Looking for a great story that's fun to read? These books feature middle school boys dealing with the ups and downs of life. Some tell realistic stories that will make you laugh or cry (or both), while others include fantasy and adventure that will keep you on the edge of your seat.

Dealing with a serious crush that makes you say dumb things whenever they're around? Have a friend that sometimes acts more like an enemy? Love sports and hate school? Figuring out how to handle your ability to manipulate the multiverse? Wish you were Spider-man? If you answered yes to any of these questions, we've got a book for you!    

Sal & Gabi break the universe by Carlos Alberto Pablo Hernandez
Tight by Torrey Maldonado

With the weather turning warmer, open the windows and grab a new book to read. Featured below are a sampling of new large print books available in the library. Other new titles can be found on the library website under "Catalog."

Also available in: print | audiobook

Barbara Pierce Bush was one of the country's most popular and powerful figures, yet her full story has never been told. 

The Matriarch tells the riveting tale of a woman who helped define two American presidencies and an entire political era. Written by USA TODAY's Washington Bureau chief Susan Page, this biography is informed by more than one hundred interviews with Bush friends and family members, hours of conversation with Mrs. Bush herself in the final six months of her life, and access to her diaries that spanned decades. The Matriarch examines not only her public persona but also less well-known aspects of her remarkable life. As a girl in Rye, New York, Barbara Bush weathered criticism of her weight from her mother, barbs that left lifelong scars. As a young wife, she coped with the death of her three-year-old daughter from leukemia, a loss that changed her forever. In middle age, she grappled with depression so serious that she contemplated suicide. And as first the wife and then the mother of American presidents, she made history as the only woman to see -- and advise -- both her husband and son in the Oval Office.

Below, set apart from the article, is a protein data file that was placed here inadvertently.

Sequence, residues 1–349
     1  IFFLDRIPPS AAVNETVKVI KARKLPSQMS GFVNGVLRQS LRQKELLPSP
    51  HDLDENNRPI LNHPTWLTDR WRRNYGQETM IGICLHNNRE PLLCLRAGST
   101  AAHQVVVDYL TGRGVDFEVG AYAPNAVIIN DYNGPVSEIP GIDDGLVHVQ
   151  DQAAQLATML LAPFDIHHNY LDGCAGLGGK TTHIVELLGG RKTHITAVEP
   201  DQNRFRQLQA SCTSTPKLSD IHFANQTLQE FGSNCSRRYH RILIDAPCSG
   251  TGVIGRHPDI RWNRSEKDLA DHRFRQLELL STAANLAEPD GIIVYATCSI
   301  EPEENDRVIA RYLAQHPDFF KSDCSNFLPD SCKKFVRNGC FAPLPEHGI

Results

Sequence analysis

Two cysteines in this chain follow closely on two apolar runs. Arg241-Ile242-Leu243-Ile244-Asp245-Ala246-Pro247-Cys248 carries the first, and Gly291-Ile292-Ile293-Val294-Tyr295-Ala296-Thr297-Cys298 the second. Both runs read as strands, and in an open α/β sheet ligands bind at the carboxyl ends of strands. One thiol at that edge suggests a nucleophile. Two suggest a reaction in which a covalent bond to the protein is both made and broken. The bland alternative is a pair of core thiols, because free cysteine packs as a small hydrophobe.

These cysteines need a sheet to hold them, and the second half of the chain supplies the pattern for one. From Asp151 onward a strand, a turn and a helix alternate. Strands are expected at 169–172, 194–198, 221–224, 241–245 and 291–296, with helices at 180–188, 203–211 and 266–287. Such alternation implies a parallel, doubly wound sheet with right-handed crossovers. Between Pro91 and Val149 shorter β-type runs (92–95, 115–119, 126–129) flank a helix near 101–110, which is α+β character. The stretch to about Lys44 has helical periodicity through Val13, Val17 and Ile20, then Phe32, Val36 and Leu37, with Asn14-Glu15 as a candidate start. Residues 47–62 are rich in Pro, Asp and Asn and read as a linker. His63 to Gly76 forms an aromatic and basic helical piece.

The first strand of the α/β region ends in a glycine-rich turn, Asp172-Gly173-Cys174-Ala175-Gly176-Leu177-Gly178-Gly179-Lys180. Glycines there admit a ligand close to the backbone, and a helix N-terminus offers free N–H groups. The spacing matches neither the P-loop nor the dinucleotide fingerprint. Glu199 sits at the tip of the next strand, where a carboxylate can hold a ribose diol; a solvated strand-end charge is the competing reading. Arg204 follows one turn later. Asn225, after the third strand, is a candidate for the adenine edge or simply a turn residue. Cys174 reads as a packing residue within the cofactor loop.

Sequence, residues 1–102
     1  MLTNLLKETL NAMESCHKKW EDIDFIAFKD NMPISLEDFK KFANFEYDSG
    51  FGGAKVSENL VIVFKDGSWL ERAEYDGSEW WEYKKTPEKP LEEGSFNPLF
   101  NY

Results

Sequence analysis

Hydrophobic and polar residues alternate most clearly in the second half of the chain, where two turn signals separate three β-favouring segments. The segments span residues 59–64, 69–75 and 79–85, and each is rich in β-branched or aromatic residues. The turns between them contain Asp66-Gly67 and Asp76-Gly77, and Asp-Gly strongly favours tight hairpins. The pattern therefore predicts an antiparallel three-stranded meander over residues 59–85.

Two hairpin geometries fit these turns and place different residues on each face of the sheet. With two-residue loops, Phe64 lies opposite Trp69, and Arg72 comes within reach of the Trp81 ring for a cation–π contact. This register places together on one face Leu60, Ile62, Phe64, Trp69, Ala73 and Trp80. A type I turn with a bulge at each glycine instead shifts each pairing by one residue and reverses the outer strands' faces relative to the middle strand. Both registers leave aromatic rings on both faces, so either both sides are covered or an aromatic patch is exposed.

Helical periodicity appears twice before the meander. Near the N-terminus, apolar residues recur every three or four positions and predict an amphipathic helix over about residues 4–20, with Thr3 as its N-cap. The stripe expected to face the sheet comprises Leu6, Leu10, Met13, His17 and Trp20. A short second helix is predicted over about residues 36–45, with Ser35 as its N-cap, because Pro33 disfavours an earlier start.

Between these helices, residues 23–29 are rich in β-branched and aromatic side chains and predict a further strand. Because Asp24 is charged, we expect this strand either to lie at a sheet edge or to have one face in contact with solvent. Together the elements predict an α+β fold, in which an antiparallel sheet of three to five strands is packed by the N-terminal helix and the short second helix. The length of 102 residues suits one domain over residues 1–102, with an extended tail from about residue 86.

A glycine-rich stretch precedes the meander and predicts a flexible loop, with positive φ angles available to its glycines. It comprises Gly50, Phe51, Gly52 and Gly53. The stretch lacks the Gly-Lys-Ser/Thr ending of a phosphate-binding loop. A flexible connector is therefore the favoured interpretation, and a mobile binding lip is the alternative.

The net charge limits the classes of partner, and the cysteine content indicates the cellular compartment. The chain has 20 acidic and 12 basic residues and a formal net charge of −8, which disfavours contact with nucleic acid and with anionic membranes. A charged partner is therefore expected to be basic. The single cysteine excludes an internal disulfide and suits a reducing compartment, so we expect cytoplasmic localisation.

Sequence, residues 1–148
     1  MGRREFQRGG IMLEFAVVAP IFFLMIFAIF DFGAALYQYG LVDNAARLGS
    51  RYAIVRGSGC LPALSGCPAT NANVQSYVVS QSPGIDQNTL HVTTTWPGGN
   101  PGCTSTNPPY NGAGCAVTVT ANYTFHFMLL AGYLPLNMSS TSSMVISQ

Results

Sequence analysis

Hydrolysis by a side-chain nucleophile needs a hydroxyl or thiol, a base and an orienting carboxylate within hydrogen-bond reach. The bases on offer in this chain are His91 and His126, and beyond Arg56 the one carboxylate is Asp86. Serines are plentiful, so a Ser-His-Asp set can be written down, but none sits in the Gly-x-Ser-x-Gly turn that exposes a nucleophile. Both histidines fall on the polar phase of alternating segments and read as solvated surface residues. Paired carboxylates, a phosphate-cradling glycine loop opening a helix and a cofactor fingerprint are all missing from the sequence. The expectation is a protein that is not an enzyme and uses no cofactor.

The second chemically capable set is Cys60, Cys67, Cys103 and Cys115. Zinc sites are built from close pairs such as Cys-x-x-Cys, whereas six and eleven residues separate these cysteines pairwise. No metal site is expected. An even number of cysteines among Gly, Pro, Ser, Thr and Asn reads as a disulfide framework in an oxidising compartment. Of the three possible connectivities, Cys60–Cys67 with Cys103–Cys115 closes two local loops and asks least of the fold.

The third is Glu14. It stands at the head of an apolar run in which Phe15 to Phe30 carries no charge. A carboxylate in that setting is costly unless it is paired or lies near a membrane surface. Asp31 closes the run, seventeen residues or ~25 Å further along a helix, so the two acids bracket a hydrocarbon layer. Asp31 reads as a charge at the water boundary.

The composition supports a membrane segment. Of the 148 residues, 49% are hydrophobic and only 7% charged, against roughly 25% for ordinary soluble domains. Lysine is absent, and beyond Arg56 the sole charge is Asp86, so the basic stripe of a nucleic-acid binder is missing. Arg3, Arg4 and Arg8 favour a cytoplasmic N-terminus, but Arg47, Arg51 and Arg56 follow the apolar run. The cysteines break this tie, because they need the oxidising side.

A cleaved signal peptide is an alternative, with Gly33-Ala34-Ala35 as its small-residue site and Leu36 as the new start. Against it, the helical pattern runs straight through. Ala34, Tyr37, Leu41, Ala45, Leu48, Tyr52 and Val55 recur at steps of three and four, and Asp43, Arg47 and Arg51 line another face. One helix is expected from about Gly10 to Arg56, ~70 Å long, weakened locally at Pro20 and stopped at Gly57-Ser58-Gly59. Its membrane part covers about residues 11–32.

As with many women of her era, Barbara Bush was routinely underestimated, her contributions often neither recognized nor acknowledged. But she became an astute and trusted political campaign strategist and a beloved First Lady. She invested herself deeply in expanding literacy programs in America, played a critical role in the end of the Cold War, and led the way in demonstrating love and compassion to those with HIV/AIDS. With her cooperation, this book offers Barbara Bush's last words for history -- on the evolution of her party, on the role of women, on Donald Trump, and on her family's legacy. 
 

Redemption [large print] by David Baldacci
Also available in: print | audiobook

Decker is visiting his hometown of Burlington, Ohio, when he's approached by a man named Meryl Hawkins. Hawkins is a convicted murderer. In fact, he's the very first killer Decker ever put behind bars. But he's innocent, he claims. Now suffering from terminal cancer, it's his dying wish that Decker clear his name.
It's unthinkable. The case was open and shut, with rock solid forensic evidence. But then Hawkins later turns up dead with a bullet in his head, and even Decker begins to have doubts. Is it possible that he really did get it wrong, all those years ago?
Decker's determined to uncover the truth, no matter the personal cost. But solving a case this cold may be impossible, especially when it becomes clear that someone doesn't want the old case reopened. Someone who is willing to kill to keep the truth buried, and hide a decades-old secret that may have devastating repercussions....